I’ll Take Middle Class “Pockets of Prosperity” for $250,000, Please

Yesterday, Mitt’s advisor said that the campaign press corps lived in “pockets of prosperity” that prevented them from understanding the realities of the harsh economy.

The adviser, granted anonymity to criticize a press corps the campaign still relies on every day, went on to blame a “green room, green zone kind of divide,” saying the national press, most of whom live in New York or DC, “pockets of prosperity,” are isolated from the realities of the harsh economy — and therefore, unable to grasp Romney’s message.

He had a point, if you ignore that press corps’ bubbles are nowhere as exclusive as Mitt’s bubble.

Except that one of those members of the press corps–undeniably a resident of the DC bubble insulated form the realities of the harsh economy–just caught Mitt treating people making between $100,000 and $250,000 a year (as well as those below it) as middle class.

GEORGE STEPHANOPOULOS: You know Democrats are going to be wanting to get much more detail from you on how you’re going to pay for your tax cuts. We’ve heard that at the Democratic Convention. President Clinton said your math doesn’t work. I know you dispute what President Clinton said and what the Democrats that say that you’re going to have a $2,000 tax hike on middleclass families. I know you dispute that. You cite your own studies. But one of the studies you cite by Martin Feldstein at Harvard shows that to make your math work, it could work, if you eliminate the home mortgage, charity, and state and local tax deductions for everyone earning over $100,000. Is that what you propose?

MITT ROMNEY: No, that’s not what I propose. And, of course, part of my plan is to stimulate economic growth. The biggest source of getting the country to a balanced budget is not by raising taxes or by cutting spending. It’s by encouraging the growth of the economy. So my tax plan is to encourage investment in growth in America, more jobs, that means more people paying taxes. So that’s a big component of what allows us to get to a balanced budget.

GEORGE STEPHANOPOULOS: But his study, which you’ve cited, says it can only work if you take away those deductions for everyone earning more than $100,000.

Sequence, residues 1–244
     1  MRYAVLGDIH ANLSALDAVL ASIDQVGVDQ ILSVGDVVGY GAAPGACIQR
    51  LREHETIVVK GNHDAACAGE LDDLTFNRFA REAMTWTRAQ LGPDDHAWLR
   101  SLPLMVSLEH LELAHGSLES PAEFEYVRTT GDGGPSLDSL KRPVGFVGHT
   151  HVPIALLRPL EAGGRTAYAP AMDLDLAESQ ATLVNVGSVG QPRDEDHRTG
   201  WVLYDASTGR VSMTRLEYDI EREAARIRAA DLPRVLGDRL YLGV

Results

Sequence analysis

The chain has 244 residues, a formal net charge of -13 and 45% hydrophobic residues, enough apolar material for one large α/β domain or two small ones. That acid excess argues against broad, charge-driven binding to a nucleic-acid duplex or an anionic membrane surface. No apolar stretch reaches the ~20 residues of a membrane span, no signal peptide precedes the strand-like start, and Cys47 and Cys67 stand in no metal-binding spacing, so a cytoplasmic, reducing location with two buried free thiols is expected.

MITT ROMNEY: Well, it doesn’t necessarily show the same growth that we’re anticipating. And I haven’t seen his precise study. But I can tell you that we can lower our rates–

GEORGE STEPHANOPOULOS: Well, you cited the study, though.

MITT ROMNEY: Well, I said that there are five different studies that point out that we can get to a balanced budget without raising taxes on middle income people. Let me tell you, George, the fundamentals of my tax policy are these. Number one, reduce tax burdens on middle-income people. So no one can say my plan is going to raise taxes on middle-income people, because principle number one is keep the burden down on middle-income taxpayers.

GEORGE STEPHANOPOULOS: Is $100,000 middle income?

MITT ROMNEY: No, middle income is $200,000 to $250,000 and less. [my emphasis]

To be fair, this is the same kind of myth Obama propagates when protecting just those under $250,000 from higher taxes. And the quote seems to suggest that Mitt considers both those in the $200-250K as well as those below it as middle class.

Still, anyone who considers those making $250,000 a year middle class must be in a pocket of prosperity.

7 replies
  1. Citizen92 says:

    One might argue that you need to make $200-$250k to live a middle class lifestyle. The type of middle class lifestyle that used to be supported on $50k a year.

    W/R/T the Mormon beef farm in FL (Deseret ranch, largest operation in the US) – does that place receive any USDA or any other type of federal subsidy or crop insurance? Seems like they are moving into other Ag business as well.

  2. der says:

    – “principle number one is keep the burden down on middle-income taxpayers”

    Bob Ehrlich ran on a platform of no new taxes to be elected Maryland’s Governor in ’03, to find the money he needed to balance the budget he raised fees placing a larger cost on the user not the taxpayer, when O’Malley took over he had no place to go but to taxes, it wasn’t long before you saw “Don’t blame me I voted for Ehrlich” bumper stickers. I mention this to say that Romney, IMO, will govern in the same way that he ran Bain and instead of raising taxes to close the deficit he’ll plead with taxpayers to let him sell off the parking meters. The Rahm/Duncan Chicago school solution offer a D comparison. Like side-show carnival con-men both R’s and D’s sell the same healing mixture whether it comes from a bottle or a jar – “Take away your austerity woes with this secret Privatization Potion!” – and the taxpayer deciders fall for it every time. Pierce has something to say about that:

    – “But “taxpayers,” of course, in their iconic collective identity as expressed in our politics over the past 30 years or so, is a dumb rampaging beast. By and large, “taxpayers” as a political force are behind not only the various measures that have made California largely ungovernable, but also they are the great impetus behind the lunatic “pledge” extracted from Republican congresscritters by Grover Norquist that has enforced paralysis on the national legislature.”
    Read more: http://www.esquire.com/blogs/politics/chicago-strike-taxpayers-12669139#ixzz26SkiOUUB

  3. emptywheel says:

    @Citizen92: You can only argue that in more expensive cities, though I agree you can plausibly argue it there if you ignore how many people survive on far less in those cities.

    In most of the country, you can live comfortably on far far less than that.

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